The Darwin bombing – A survivor's story25 January 2019
94-year-old Sunshine Coast veteran Basil Stahl was in Darwin when the first bombs hit on 19 February 1942.
As a 19-year-old, Basil was tasked with surveying the area around the coastal town when it suddenly became a war zone. On the oval of the Larrakeyah Barracks when the first raids hit, Basil recalled:
“It landed 500 yards from us and I had a camera so I have a picture of one of my friends in the hole,” said Basil.
“There were 188 planes including Zero fighters flying over and they bombed everywhere – they did what they wanted to do and we had no defence except an old .303 Rifle and a Lewis Gun.
Barracks still standing after 60 air raids
“We still can’t figure out how the old barracks is still standing after 60-odd air raids. [During one of the raids] they were also dropping things called daisy cutters which were smashing the hospital windows,” said Basil.
Basil watched events unfold during the anticipated attack, which enabled military forces to evacuate civilians to places like Alice Springs.
“We knew they were going to bomb and were putting trenches and sandbags around,” said Basil.
“They previously bombed Pearl Harbour and Singapore had fallen; there were only 1,600 troops in Darwin at the time.
Bombs kill people at the Post Office and harbour
“They bombed the Post Office and killed nine people and many people died at the wharf, and in the harbour. I have a map of where all the boats were attacked. The USS Peary went down which killed at least 80 people,” said Basil.
To mark the 75th anniversary of the bombing of Darwin, the Darwin City Council established a Civilian Memorial Wall in Bicentennial Park to honour and remember those who lost their lives or were impacted by the bombings.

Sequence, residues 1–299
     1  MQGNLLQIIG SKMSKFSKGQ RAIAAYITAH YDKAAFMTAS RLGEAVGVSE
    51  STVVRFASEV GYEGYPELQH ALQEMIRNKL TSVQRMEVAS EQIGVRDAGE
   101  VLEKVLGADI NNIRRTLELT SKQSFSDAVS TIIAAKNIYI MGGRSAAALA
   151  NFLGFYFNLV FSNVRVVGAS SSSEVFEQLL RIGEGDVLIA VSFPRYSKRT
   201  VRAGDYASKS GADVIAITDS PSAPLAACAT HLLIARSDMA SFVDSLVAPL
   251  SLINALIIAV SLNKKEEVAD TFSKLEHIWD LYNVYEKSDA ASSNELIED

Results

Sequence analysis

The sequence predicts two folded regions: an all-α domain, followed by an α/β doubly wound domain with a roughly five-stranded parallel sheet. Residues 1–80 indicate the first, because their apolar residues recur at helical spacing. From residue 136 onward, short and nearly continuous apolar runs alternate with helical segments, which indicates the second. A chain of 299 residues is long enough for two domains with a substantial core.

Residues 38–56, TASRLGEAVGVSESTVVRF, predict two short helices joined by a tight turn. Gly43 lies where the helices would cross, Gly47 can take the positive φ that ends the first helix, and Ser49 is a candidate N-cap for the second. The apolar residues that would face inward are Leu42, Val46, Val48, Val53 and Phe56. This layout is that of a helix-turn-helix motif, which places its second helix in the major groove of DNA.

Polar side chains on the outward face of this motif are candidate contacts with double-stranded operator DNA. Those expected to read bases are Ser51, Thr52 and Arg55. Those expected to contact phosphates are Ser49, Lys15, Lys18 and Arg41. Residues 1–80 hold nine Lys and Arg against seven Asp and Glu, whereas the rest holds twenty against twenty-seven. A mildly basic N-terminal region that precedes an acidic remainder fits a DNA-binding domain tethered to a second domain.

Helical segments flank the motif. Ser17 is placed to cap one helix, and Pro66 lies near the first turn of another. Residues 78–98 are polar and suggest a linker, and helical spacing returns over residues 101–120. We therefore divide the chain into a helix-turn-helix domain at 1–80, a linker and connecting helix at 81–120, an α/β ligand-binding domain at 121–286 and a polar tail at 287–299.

Travelling to Darwin each year as a tribute to those who lost their lives and fought in the raids, Basil attends the commemorative service where, at 9:58am a World War II Air Raid Siren sounds to mark the precise time of the first attack.
THE last known survivor
“It’s part of our history. I first went to the 50th anniversary and have been going ever since, but there are not many of us left. We had 62 in my unit at the time and I am the last known survivor,” said Basil.
“All wars shouldn’t be there but that is human nature, they are still going on everywhere and they never stop – it goes on through history.”
After the bombing of Darwin, Basil helped map the north and worked on surveying the bush track that is now the Stuart Highway, running from Darwin in the north, via Tennant Creek and Alice Springs, to Port Augusta in South Australia.
He left Darwin in April 1943 and went to Dutch New Guinea before joining General MacArthur and going to Borneo where he was attached to the American Army survey unit.